Former prime minister Gordon Brown says the NHS would be “in trauma” in ten years’ time if Scotland were to become independent.
Writing in The Scotsman to mark the 70th anniversary of the health service later this week, Mr Brown says the recent SNP Growth Commission report stated there would be less public spending than under the current Tory austerity measures.
He says that despite Prime Minister Theresa May’s recent pledge that £20 billion would be spent on the NHS, with £2bn coming to Scotland, the service north of the Border remains “under-staffed, under-equipped and under-financed”.
Mr Brown writes: “The NHS at 80 years old would, sadly, be in trauma if independence should ever happen.
“What has become clear from the SNP’s Growth Commission blueprint – what Nicola Sturgeon calls the foundation for independence – is that public spending would rise less than under Tory austerity and that even then, any new money there is would be eaten up by massive interest rate payments on what would be almost £100bn of new Scottish debt.
“While in both Scotland and the UK the NHS will need 5 per cent more each year to meet the unprecedented needs of a rising elderly population, the more likely fate of the NHS in an independent Scotland is a diminished service. Whatever the SNP say, the NHS is not safe in their hands.
“I recall ten years ago, when I was prime minister, we held a service of commemoration at Westminster Abbey to celebrate 60 years of the NHS – and the most powerful speech on that day came from one of the service’s first nurses, who vividly described the bleak conditions that existed before 1948.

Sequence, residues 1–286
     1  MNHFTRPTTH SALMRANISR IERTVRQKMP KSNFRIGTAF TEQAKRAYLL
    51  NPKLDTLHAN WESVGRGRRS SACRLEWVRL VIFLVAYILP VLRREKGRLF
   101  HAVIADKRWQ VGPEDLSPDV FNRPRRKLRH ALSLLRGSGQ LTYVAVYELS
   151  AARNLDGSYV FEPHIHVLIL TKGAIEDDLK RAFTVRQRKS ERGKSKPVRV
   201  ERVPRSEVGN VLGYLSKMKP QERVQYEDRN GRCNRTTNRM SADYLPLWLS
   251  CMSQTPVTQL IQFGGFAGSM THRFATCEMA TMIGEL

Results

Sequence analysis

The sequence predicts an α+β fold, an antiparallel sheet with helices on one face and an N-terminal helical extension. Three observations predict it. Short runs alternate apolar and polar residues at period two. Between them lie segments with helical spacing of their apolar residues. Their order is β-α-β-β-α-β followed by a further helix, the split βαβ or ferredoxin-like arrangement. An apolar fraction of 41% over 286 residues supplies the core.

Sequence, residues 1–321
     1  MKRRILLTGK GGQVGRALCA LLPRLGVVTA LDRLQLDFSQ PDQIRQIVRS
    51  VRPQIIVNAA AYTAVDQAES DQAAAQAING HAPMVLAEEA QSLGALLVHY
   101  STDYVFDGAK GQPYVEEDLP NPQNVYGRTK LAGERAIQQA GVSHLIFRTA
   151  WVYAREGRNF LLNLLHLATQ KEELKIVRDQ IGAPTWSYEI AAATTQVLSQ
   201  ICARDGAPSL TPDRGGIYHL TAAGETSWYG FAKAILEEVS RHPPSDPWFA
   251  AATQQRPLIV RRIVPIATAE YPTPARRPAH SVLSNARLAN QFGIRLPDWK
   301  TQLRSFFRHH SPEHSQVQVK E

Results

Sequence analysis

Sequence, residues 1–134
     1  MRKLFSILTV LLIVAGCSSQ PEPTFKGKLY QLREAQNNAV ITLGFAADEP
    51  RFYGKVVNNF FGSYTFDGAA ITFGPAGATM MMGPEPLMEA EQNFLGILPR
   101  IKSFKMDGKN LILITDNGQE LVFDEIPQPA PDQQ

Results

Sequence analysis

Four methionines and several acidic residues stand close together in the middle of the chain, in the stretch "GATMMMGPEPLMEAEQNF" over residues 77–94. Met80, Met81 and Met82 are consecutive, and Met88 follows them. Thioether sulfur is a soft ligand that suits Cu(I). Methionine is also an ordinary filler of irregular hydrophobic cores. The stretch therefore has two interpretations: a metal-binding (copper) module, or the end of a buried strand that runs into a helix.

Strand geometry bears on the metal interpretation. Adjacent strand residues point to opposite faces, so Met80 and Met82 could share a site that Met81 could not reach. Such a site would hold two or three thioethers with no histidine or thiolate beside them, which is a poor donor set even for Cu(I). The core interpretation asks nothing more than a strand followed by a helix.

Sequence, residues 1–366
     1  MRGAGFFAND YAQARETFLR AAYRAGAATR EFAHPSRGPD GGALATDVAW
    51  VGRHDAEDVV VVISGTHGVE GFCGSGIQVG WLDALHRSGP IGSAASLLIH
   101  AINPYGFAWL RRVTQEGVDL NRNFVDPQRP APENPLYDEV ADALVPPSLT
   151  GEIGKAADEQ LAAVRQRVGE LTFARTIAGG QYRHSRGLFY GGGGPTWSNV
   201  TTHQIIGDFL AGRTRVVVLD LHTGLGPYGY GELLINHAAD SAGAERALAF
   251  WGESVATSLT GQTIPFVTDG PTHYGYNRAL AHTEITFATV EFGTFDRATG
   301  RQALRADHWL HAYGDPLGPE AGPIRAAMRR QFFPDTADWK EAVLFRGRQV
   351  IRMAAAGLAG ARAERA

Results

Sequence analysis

“She forcefully reminded us that hard-working nurses had to leave the beds of their patients to run charity flag days, just to pay for life-saving equipment. We cannot return there.”
Paying tribute to the NHS staff, Mr Brown also writes of his personal experience when he was treated after a rugby accident as a teenager that left him blind in one eye.
He writes: “In my own case, while still a teenager, I was threatened with blindness because of a rugby injury.
“At Edinburgh Royal Infirmary, a brilliant young surgeon called Hector Chawla, who had just completed training in retinal surgery, came to my rescue.
“Then, and later, when I faced further complications, he and the NHS staff around him made sure my sight was saved.”
Scottish Conservative health spokesman Miles Briggs MSP said that Mr Brown was right to highlight the financial cost that independence would have on the NHS and Scottish public services.
He said: “Since 2010, the UK Conservative government has provided the Scottish Government with £2.46bn in additional health spending for Scotland’s NHS.
“That investment has seen the health budget in Scotland reach almost £13bn annually.
“If there is one thing those who work in our NHS tell me it’s that they want to see the politics taken out of our health service.
“This week is about celebrating our NHS and its achievements and outstanding workforce. But our NHS’s 70th birthday should also be a time for us to look to the future and help put in place the long-term policies and plans that can help ensure our NHS is there, free at the point of delivery, for everyone in the decades ahead.”
Last night a spokesperson for Scotland’s new health secretary, Jeane Freeman, rejected the former prime minister’s comments describing them as “utter nonsense”.
The spokesperson said: “This is utter nonsense from Gordon Brown, who knows full well that the biggest threat to Scotland’s NHS comes from the very real prospect of a post-Brexit trade deal being forced on us against our will by a Tory UK government.
“That could see our health service becoming a sacrificial pawn in a Tory-Trump trade deal, thanks to the Westminster power grab on Holyrood – and that is what Gordon Brown should be warning of instead of issuing outdated, discredited attacks on independence.
“The SNP is providing record health funding, after Labour planned to spend even less on it than the Tories.
“Our NHS is already fully devolved and on many measures Scotland has the best performing health service in the UK.
“But independence would give us the ability to protect our NHS both from the dangers of Westminster austerity – and from the effects of any Brexit trade deals.”